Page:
The Stewart Lab and the wider ‘Newcastle Neonatal Nutrition and NEC’ (N4) research group based at Newcastle University are working to harness the infant gut microbiome to predict disease and personalise preventative therapy.
The human gut microbiome is undoubtedly important across the life course, but perhaps no more so than during the first year of life. This critical period sees infants colonised with viable microbes for the first time and, thereafter, the gut microbiome develops more dynamically than during any other stage of life. This development does not happen in isolation, but rather in a complex concerto with the host epithelium and immune system. Abnormal development of the gut microbiome over the first year of life can therefore impact education of the immune system, speculated to have short- and much longer-term consequences to an individual’s health.
Owing to this, a major aspect of early life microbiome research over the past decade has focused on characterising what factors can impact gut microbiome development following birth. As a postdoc in the Joe Petrosino Lab at Baylor College of Medicine in Houston, Texas, I was fortunate to have the opportunity to work with the fantastic TEDDY cohort, which included gut microbiome data from over 900 infants and 12,500 stool samples collected from infancy to childhood. This work, and that of others, has highlighted that birth mode is especially important over the initial weeks, remaining important for at least the first year of life. Moreover, after the initial weeks of life, receipt of breast milk is the primary driver of infant gut microbiome development. Once an infant no longer receives breast milk, their gut microbiome undergoes a rapid turnover to reflect a more ‘adult-like’ community, the hallmark of which is a loss of Bifidobacterium and influx of species from within the Firmicutes (newly reclassified as Bacillota) phyla.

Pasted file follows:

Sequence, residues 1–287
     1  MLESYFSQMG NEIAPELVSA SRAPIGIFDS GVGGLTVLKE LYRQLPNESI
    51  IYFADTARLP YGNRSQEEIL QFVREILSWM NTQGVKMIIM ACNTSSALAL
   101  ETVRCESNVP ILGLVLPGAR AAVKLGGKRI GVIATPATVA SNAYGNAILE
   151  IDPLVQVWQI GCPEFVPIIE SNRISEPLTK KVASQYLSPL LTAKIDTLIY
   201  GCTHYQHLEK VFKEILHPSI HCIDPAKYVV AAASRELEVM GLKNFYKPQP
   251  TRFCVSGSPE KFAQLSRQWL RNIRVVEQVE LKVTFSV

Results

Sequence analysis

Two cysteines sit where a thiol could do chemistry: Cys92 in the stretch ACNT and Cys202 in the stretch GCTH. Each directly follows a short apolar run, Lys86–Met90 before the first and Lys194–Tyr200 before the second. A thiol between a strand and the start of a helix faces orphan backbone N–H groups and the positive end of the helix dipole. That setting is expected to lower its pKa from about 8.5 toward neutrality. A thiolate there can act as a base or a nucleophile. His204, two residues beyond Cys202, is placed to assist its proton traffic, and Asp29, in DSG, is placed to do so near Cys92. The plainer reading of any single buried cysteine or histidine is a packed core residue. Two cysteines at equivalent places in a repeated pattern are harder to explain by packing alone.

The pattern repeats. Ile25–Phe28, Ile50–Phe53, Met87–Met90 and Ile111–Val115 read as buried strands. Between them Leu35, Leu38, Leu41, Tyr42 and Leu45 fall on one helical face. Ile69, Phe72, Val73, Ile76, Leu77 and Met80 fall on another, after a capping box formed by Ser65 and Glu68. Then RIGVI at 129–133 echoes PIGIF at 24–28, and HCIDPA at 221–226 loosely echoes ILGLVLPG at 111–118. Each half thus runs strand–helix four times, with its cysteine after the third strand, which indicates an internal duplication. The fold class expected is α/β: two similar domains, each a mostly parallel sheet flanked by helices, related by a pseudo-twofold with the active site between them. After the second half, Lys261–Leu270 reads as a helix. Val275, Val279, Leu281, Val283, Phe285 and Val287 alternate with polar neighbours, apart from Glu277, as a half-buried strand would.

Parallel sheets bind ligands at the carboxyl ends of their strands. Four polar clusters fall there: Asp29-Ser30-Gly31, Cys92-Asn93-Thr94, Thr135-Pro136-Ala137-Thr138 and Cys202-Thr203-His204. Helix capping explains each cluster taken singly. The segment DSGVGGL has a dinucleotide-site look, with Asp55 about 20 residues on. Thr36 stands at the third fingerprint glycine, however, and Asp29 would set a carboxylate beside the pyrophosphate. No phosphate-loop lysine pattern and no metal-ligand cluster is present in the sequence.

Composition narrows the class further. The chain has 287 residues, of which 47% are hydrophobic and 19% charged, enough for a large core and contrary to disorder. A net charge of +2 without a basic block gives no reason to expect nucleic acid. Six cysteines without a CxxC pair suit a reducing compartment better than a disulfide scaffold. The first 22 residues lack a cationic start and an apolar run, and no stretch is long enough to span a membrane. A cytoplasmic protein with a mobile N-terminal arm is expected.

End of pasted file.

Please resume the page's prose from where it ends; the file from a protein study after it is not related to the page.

I moved to Newcastle University in January 2018 to begin establishing my own research group. Here, the Stewart Lab has been captivated with exploring many facets of the infant gut microbiome and beyond, taking an interdisciplinary, collaborative approach to addressing challenging research questions. Along with Dr Janet Berrington and Prof. Nick Embleton, both neonatal consultants specialising in infants born preterm, we formed the ‘Newcastle Neonatal Nutrition and NEC’ (N4) research group.
Necrotising enterocolitis (NEC) is an inflammatory-mediated bowel disease representing one of the leading causes of death in preterm infants. We know mothers’ own milk (MOM) is the most important factor in reducing disease risk in infants born prematurely. Differences in the bioactive components of MOM between mothers and subsequently altered microbiome modulation may contribute, in part, to why many infants who receive MOM will still go on to develop NEC. Disentangling this has been one of the major research focuses of the lab over the past 5 years.